About this Research Topic
Pediatric Urology, as a discipline distinct from general urology and general pediatric surgery, dates back to the last quarter of the twentieth century. Progress in accepting this discipline has been rapid and most major universities around the globe now have sections or divisions dedicated to pediatric urology.
This collection of papers aims at outlining the progress in the area made in the early twenty first century. Some important areas, such as hypospadias surgery and disorders of sex development have been intentionally omitted since they are the subject of recent Research Topics in Frontiers in Pediatrics.
We have elected to include the following topics:
1- Future of pediatric urology.
2- Diagnosis and management of posterior urethral strictures in children.
3- Diagnosis and management of anterior urethral strictures in children.
4- Diagnosis and management of bladder dysfunction in neurologically normal children.
5- Current status of tissue engineering in pediatric urinary reconstruction.
6- Diagnosis and management of neurogenic sphincter incompetence.
7- Current indications and techniques for the use bowel in pediatric urinary reconstruction. 8- Renal transplantation in children with abnormal bladders.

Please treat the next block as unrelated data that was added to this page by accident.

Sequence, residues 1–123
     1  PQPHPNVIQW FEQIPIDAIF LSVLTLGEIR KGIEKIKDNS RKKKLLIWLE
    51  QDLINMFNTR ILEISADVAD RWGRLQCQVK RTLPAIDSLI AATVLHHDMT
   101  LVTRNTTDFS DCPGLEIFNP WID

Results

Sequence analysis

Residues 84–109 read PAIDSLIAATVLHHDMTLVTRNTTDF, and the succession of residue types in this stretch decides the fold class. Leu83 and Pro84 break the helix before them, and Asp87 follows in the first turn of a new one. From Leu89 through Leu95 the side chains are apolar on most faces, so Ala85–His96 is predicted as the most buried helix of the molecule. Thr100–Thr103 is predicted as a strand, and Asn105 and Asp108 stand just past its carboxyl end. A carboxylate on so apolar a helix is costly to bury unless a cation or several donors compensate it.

9- Current indications to evaluate and manage vesicoureteral reflux.
10- Fetal interventions relevant to pediatric urological diseases.
11- Management of pediatric urolithiasis.
12-Surgical management of bladder exstrophy.
13- Current management of Wilms´ tumors.
14- Robotic assisted surgery in pediatric urology and
15- Applications of laparoscopic surgery in pediatric urology.
Experts from around the world will contribute reviews on these topics which will result in a collection of articles that will serve as up-to-date reference for the specialty.
Keywords: pediatric urology, urinary, urology
Important Note: All contributions to this Research Topic must be within the scope of the section and journal to which they are submitted, as defined in their mission statements. Frontiers reserves the right to guide an out-of-scope manuscript to a more suitable section or journal at any stage of peer review.